In Part 1 we went through the ways some social justice activists operate, namely stressing societal systems over individuals and strengthening otherness and the division “we vs they” by using rigid, repetitive vocabulary. We voiced our concerns on a theoretical level and proposed a different approach. In Part 2 we bring tangible examples of the extremism displayed on tumblr on the account of ‘social justice’. The cases concern art being given unfair scrutiny, and touch upon (minority) representation and cultural appropriation, two very interesting topics.
Chp. 1: The case of rvsa
Rvsa was one of my favorite tumblr artists for her creative, emotive and original artwork. One of the reasons I was a fan was that she did a lot of fanart for retro anime, such as Jojo’s Bizzare Adventure and Devilman. For members of smaller or older fandoms, such artists are a rare and much needed source of inspiration and joy.
Unfortunately, she is no longer active on tumblr because of a troubling incident. When she uploaded her newest artwork of Ryo Asuka, one of the main characters of Go Nagai’s Devilman (who also happens to be Satan) most reactions were positive. Since rvsa decided to delete the fanart and asked people not to reblog it, I will neither upload nor give a link to the illustration. Those of you interested enough will surely be able to find it online. The artwork depicted Satan naked, his wings spread open, with small breasts and male genitals on his body. In my opinion, it was a glorification of Ryo’s beauty. There were, however, some negative reactions to the artwork. A trans woman who reblogged the artwork said the following:
This just goes to show how much trans feminine bodies are literally demonized. I get it’s in a reclaiming context and thats cool, but damn cis people made our bodies mean the source of all evil.
Though rvsa apologized for unintentionally insulting the user, the latter claimed that rvsa was ignorant, that her intentions didn’t matter, that she was transphobic and that she needed to “educate herself”. The artist apologized again and, like I mentioned earlier, deleted her art and started asking people to stop reblogging it. At the same time, the news spread and many people stated their support towards rvsa. The person who insulted her now claims that she received many death and rape threats. In the end, rvsa said that she’d stop posting on tumblr and, after a few days, deleted her account.
Was rvsa at fault or not? Let’s start off with the fact that Go Nagai is the original author of Devilman, thus she had no responsibility whatsoever to apologize for Ryo’s characteristics in his Satan form. In other words, the attack was misguided. The tumblr user was upset by Nagai’s depiction, not rvsa’s. Her complaint should have reflected that.
Some sjws argue that having a LGBTQI villain is harmful to LGBTQI people. Supposedly by depicting one person as an evil, negative entity the whole community is stigmatized. Had we been living in eg. 1960 and all stories depicted LGBTQI people as evil, this claim would stand some ground. In a world with limited options, asking people for more diversity makes sense, up to a point. Right now, however, is not 1960. In the era of the internet and free access to pretty much any material one wishes to find, be it comedic gay novels, underground experimental comics, or nsfw material, to mention a few examples, the claim that a responsible reader/viewer will only come across one type of archetype is ridiculous. The stories/illustrations/songs/etc. are out there, waiting for you.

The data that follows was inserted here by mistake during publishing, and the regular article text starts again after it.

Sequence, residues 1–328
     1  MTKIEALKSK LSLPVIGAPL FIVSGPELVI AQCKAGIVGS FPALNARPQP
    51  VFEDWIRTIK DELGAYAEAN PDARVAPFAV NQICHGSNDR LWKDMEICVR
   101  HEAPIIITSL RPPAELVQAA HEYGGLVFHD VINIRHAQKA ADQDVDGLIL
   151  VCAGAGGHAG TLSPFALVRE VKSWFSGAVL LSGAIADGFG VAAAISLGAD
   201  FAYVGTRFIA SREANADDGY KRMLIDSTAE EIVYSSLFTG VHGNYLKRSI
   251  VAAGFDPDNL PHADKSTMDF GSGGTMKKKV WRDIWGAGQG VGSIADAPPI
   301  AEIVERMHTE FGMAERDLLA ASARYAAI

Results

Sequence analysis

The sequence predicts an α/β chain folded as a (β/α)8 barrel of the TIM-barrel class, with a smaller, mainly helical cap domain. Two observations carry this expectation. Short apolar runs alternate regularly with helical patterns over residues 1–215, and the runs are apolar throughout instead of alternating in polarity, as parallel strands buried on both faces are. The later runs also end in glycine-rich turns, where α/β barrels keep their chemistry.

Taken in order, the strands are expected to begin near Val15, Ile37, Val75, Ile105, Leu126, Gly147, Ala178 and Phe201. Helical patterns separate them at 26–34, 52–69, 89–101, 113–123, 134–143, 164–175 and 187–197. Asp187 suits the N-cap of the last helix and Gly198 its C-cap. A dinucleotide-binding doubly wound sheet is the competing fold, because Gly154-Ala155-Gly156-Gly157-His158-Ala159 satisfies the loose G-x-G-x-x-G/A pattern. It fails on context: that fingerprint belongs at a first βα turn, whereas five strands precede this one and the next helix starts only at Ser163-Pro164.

It would be wise to ask ourselves where exactly people learn to practice prejudice. I’d argue that this happens in education, the family, the workplace, in religious environments, etc. Even if LGBTQI characters were depicted as angels in anime/manga society wouldn’t change, because anime/manga are not political or religious documents to influence societal and institutional changes. At best, they reflect a small part of what is happening in our society, often in a distorted way.
The fact is, though, Ryo is not much of a villain when compared to guys like Dio Brando -his intentions are not genuinely evil and he regrets most of his ill deeds. Even more, I would argue that there is hardly one completely good person in Devilman -even Akira, the protagonist, is more of an anti-hero than anything else. What makes this even sadder is that I have yet to meet, read or listen to a single person from the Devilman fandom that dislikes Ryo. His personality, lunatic and unpredictable, and his overall appearance are some of the reasons he is one of the fandom’s favorite characters. That being the case, I find it hard to believe that having him being intersex is somehow harmful to LGBTQI people.
What I find more unbelievable is that people seem to forget that this is fiction, which means that no artist is obligated to make things a certain way in order to satisfy another person’s thoughts and feelings. There are tons of material that I find to be either repulsive or offensive. For example, there are stories that fetishize bullying, which for me -who was a victim during my teens- feels hurtful. That doesn’t mean people who write these stories owe me an explanation, that doesn’t turn them into real life bullies. It’s not fiction that hurts minorities, but real life bigotry which is preserved by very flesh and blood people.
If we were to follow this social justice argument to the end, Togashi needs to apologize for Alluka Zoldyck, one of HunterxHunter’s most interesting yet morbid characters, who is also transgender. And, of course, Tezuka should write an apology for depicting a feminine, beautiful gay man as the world’s most dangerous terrorist in MW. Is this what we want? When we ask for more representation, do we want to dictate what people can write or draw?